Science Correcting Itself


Ongoing Controversies

Correction is an important element of scientific progress.  In the history of scientific investigations, it has been common for widely-accepted ideas to be overturned.  Literature contains many instances of such self-correction, though the corrections are sometimes not as widely known as the original findings.  Here, we catalog some corrections, all of which are instances science can be proud of.  Investigators are invited to submit to us more such examples to be listed here and to illustrate more instances in which science was successfully self-correcting.

Alternative Views:

Best Practices in Science congratulates Katherine Finnigan and Katherine Corker, for their paper:

Finnigan, K. M., & Corker, K.S. (2016). Do performance avoidance goals moderate the effect of different types of stereotype threat on women’s math performance? Journal of Research in Personality, 63, 36-43.

which recently received the award from the Association for Research in Personality for best paper of 2016. This paper was a high powered pre-registered failed replication. It found no effects of stereotype threat and no moderation by any of the proposed or obtained moderators identified in prior research that it tested. Our view is that this is a double watershed:

First, statistically significant evidence of moderators may often constitute manifestations of either p-hacking or Gelman’s “garden of forking paths” (essentially, unintentional p-hacking). Furthermore, original findings subject to failed replications are often claimed to still be credible because of so-called “hidden moderators” (moderators unarticulated or unexamined in the original research, which, if they were to be included, would yield statistically significant findings). By virtue of its high power and pre-registration, the Finnigan and Corker paper disconfirmed every one of these predictions it tested regarding the existence of stereotype threat as a source of women’s underachievement in math.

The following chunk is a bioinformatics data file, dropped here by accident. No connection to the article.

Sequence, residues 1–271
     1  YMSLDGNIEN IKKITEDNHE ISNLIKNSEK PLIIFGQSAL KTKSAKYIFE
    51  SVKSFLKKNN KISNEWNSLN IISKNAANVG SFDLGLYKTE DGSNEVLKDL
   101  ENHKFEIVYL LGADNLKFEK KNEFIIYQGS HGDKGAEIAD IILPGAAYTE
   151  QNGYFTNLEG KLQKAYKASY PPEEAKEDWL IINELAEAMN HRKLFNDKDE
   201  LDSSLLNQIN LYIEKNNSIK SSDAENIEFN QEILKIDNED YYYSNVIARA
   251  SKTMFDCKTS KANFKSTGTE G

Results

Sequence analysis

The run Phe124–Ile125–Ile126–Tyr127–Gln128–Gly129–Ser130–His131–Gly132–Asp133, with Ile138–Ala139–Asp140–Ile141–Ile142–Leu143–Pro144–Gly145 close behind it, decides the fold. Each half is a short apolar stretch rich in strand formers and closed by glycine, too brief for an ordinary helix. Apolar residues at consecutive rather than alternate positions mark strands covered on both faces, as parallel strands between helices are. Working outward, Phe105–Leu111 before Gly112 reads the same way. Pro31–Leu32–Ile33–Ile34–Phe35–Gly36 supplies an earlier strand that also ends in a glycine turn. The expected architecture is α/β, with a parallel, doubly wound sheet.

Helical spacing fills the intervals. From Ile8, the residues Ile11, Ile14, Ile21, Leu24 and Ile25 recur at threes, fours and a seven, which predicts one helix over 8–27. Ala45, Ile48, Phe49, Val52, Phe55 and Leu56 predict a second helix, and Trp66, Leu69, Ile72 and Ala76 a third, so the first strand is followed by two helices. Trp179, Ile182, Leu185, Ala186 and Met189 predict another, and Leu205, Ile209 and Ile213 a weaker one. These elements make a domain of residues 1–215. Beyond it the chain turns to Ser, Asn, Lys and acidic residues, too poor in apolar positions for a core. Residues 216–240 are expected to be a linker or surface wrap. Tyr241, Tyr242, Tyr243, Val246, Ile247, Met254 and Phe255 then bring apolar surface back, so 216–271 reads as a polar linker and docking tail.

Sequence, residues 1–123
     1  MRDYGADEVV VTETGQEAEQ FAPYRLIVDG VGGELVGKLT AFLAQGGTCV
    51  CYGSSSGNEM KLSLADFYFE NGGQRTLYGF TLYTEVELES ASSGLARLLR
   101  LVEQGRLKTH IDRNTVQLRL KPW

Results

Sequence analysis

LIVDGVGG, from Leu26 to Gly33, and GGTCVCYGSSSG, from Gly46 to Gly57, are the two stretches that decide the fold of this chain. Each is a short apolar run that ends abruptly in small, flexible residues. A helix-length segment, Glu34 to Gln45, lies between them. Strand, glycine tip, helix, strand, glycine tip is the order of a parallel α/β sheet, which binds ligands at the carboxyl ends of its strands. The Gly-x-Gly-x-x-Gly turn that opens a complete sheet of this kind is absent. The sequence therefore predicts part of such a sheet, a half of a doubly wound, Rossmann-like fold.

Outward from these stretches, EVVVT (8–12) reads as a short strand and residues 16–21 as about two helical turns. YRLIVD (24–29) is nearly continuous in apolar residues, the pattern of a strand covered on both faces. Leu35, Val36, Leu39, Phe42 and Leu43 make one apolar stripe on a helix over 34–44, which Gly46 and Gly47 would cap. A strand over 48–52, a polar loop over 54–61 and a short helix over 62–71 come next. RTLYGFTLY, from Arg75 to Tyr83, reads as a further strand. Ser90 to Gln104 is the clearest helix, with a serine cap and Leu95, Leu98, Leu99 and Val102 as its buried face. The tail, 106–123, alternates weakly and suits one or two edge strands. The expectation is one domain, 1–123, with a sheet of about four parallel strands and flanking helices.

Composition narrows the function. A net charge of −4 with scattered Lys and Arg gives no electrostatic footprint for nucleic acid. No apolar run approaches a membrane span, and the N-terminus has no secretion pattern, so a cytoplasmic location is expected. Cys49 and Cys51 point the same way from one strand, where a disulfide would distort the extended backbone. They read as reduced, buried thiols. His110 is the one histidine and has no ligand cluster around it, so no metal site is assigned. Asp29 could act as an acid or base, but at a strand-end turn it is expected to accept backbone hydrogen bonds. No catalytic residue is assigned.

It is also a watershed for a second reason. This is, to our knowledge, the first time a failed replication has been recognized as the best paper by a major psychological organization. Our view is that, 10 years ago, it would likely have been difficult, if not impossible, to even publish this paper. That this paper received this recognition is, we hope, a symptom of an improving state of the quality of psychological science.

Flore, P. C., & Wicherts, J. M. (2014). Does stereotype threat influence performance of girls in stereotyped domains? A meta-analysis. Journal of School Psychology, 53, 25-44.

Jussim, L., Crawford, J.T., Stevens, S.T., Anglin, S.M., & Duarte, J.L. (2014). Interpretations and methods: Towards a more effectively self-correcting social psychology. Journal of Experimental Social Psychology.

Sackett, P. R., Hardison, C. M., & Cullen, M. J. (2004). On interpreting stereotype threat as accounting for African American-White differences on cognitive tests. American Psychologist, 59(1), 7.

Stoet, G., & Geary, D. C. (2012). Can Stereotype Threat Explain the Gender Gap in Mathematics Performance and Achievement? Review of General Psychology, 16, 93-102.

Wax, A. (2009). Stereotype threat: A case of overclaim syndrome? In C. H. Sommers (Ed.), The science on women and science (pp. 132-169). Washington D. C.: AIE Press.

It is also worth comparing Spencer et al’s (2016) characterization of Flore & Wichert (2014) and Stoet & Geary (2012) as supporting evidence of “robust” stereotype threat effects, with the actual doubts about the existence of the phenomenon actually expressed in those articles.

The Stanford Prison Experiment: